• No content audit can be complete without a defined action plan that includes periodic progress assessments.

Exactly why brands should perform articles audits

Initial thing’s first: what exactly is a content audit? And exactly why is it important to incorporate them into your strategy?

Content audits are data-driven assessments of all content on your own website. They use qualitative KPIs (key performance indicators) to assist you understand how your content is carrying out. They provide insights that allow you to make informed decisions about existing content and future advertising activities. Most importantly, they make your overall content strategy more deliberate by giving you a holistic view of your entire content library.

This is essential. Why? Because you can seriously grow traffic, leads, and conversions simply by revamping your old content. HubSpot, for instance , increased organic search views on old posts by 106% and doubled the prospective customers they generated with historical optimization alone.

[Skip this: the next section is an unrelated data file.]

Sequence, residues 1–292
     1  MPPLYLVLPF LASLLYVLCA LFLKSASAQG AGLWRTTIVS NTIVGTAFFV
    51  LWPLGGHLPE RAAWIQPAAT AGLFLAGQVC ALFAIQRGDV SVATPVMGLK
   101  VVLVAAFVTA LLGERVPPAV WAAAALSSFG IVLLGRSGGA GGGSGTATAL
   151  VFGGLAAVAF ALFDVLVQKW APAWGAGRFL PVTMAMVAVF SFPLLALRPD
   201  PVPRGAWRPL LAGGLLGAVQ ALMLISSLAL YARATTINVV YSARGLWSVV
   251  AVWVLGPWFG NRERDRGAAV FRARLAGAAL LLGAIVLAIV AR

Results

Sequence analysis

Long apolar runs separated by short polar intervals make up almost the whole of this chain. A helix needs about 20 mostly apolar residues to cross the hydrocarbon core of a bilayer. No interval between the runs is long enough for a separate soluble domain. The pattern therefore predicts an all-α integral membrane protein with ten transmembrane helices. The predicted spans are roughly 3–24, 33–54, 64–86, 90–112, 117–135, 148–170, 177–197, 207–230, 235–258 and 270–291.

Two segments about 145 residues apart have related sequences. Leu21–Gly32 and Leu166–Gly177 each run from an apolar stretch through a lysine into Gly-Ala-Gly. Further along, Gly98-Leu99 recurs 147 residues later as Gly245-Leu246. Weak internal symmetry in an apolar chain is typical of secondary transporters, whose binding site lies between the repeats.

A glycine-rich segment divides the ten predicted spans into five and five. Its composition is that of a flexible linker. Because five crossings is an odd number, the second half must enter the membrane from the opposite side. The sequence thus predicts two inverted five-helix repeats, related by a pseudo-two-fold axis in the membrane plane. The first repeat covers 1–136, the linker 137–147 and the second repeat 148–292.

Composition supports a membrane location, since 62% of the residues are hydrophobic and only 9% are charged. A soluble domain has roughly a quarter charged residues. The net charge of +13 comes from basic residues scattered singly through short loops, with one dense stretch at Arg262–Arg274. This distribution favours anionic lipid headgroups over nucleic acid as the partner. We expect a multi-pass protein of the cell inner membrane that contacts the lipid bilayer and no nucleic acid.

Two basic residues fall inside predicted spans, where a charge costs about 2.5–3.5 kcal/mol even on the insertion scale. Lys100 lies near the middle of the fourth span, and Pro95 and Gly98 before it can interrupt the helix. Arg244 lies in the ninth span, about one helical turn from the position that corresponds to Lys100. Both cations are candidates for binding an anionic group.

If you never perform articles audits, you’re at serious risk of wasting period, money, and effort producing content that doesn’t help you accomplish any of your larger objectives (like subscriptions, conversions, plus sales).

It’s just not a risk worth taking. Content audits take some time and manpower, but the RETURN ON INVESTMENT they can deliver with the right approach makes them well worth the investment decision.

The complete facts performing a content audit

Set objectives

Like most proper initiatives, an important first phase is to set goals for your content audit. While most manufacturers have common goals regarding performing their audit for example increasing organic traffic , generating brand new ideas for future content, or eliminating outdated articles, your specific priorities will vary depending on your brand and the time of your audit.

For example , if your website is not performing well, your main concern might be to consolidate webpages and eliminate content that’s no longer relevant. If you’re launching a new blog, your priority might be to find out which topics are most important to your audience. If you’ve done several content audits already, you might basically want to continue identifying brand new gaps and opportunities to pursue.